He used to be my "morning child," the one who'd wake up sunny and raring to go in the morning. But somewhere around middle school he changed. The early-to-bed rules around our house were complied with, reluctantly, but he'd lie awake sometimes for hours, waiting for sleep to come. Weekday mornings became a loud, unpleasant time — for parent and child alike. What happened? Did the pod people do an exchange of children in the night? Come to think of it, he does look different and he certainly now speaks a language I sometimes have difficulty understanding.
The changes, though, seem to have another explanation. In addition to the remarkable physical changes so readily apparent in teens, adolescence brings with it other biological changes that impact on the body's internal "clock," delaying the natural time that teens fall asleep and awaken. Which would be fine if teens ran the world, but their natural inclination runs smack into the fact that many high schools in the United States start before 7:30 a.m.
In addition, they are faced with a world of evening stimulation — part-time jobs, homework, computers, televisions and electronic games in their rooms — that all conspire to delay bedtime. To make matters worse, teens require just as much sleep as they did in elementary school. According to Mary Carskadon, Ph.D., professor of psychiatry and human behavior at the Brown University School of Medicine and a leading sleep researcher, teens require on average more than nine hours of sleep each night.Sleep and School Performance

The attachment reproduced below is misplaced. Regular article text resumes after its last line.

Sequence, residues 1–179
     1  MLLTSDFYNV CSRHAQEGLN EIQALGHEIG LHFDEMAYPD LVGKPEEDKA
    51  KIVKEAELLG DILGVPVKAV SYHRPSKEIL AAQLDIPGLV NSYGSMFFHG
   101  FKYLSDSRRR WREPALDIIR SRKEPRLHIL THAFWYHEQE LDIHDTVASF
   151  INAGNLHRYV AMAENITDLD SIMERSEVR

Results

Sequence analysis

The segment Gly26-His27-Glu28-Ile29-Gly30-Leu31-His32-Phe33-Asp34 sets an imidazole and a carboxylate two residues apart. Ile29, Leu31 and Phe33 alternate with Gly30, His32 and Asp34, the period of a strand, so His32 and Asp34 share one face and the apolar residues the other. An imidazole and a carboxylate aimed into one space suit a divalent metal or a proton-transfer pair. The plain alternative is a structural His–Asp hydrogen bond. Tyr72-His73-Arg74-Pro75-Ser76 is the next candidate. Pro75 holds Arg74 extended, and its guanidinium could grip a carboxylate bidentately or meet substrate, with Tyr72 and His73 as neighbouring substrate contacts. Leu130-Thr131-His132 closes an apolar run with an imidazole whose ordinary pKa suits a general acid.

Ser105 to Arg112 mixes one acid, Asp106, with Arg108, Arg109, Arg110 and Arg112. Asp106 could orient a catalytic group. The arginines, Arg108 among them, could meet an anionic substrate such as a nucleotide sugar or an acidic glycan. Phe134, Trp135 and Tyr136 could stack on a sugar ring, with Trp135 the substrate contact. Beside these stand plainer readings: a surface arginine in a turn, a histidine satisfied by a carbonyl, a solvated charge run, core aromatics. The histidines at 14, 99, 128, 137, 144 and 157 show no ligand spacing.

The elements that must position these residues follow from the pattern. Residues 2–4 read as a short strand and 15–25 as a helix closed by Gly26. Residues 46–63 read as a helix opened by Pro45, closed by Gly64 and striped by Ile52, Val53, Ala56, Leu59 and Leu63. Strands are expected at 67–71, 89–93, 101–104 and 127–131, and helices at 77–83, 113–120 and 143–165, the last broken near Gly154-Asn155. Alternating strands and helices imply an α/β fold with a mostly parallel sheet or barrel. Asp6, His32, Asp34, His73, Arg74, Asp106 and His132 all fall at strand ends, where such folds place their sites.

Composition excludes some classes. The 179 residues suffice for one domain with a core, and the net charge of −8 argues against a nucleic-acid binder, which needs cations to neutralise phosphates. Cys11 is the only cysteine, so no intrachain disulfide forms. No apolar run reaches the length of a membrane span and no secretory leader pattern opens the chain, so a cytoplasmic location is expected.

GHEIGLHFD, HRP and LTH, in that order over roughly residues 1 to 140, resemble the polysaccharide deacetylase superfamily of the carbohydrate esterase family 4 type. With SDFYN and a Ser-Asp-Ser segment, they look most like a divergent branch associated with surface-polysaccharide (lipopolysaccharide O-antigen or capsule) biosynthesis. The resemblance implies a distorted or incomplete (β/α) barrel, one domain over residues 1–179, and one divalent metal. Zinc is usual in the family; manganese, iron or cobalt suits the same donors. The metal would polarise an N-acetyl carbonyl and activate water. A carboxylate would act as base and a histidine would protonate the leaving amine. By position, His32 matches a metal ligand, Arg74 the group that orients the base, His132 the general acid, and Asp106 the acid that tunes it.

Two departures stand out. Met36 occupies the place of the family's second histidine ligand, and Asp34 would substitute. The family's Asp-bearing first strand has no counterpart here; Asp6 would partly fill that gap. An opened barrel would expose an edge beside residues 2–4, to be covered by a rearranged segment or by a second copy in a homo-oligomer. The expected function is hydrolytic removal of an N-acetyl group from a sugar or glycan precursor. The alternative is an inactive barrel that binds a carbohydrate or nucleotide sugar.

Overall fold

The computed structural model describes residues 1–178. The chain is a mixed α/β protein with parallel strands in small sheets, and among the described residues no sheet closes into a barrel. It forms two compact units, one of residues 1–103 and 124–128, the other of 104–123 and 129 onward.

In a survey of 3,000 high-school students in Rhode Island, Dr. Carskadon and her colleagues found that the teens on average were getting just 7.3 hours of sleep each night. Only 15 percent of them were receiving 8.5 hours of sleep each night, and a whopping 26 percent were sleeping only 6.5 hours or less. While Carskadon hesitates to equate increased sleep with better grades, since so many factors enter into student performance, she and her colleagues noticed that students who had mostly As on report cards received on average an hour more sleep each night and retired an hour earlier than students who had mostly Ds and Fs on their report cards.
"What it looks like in kids who are getting insufficient sleep is that they are waking up when their internal clock tells them they should be sleepiest," Carskadon says. Falling asleep in early classes is not uncommon. As the day progresses and the external signals — light, activity, even caffeine — kick in, the teens become more alert. "They feel like they're in the pits in the morning, then feel better later and they forget how crummy they felt earlier." By nighttime the cycle repeats itself.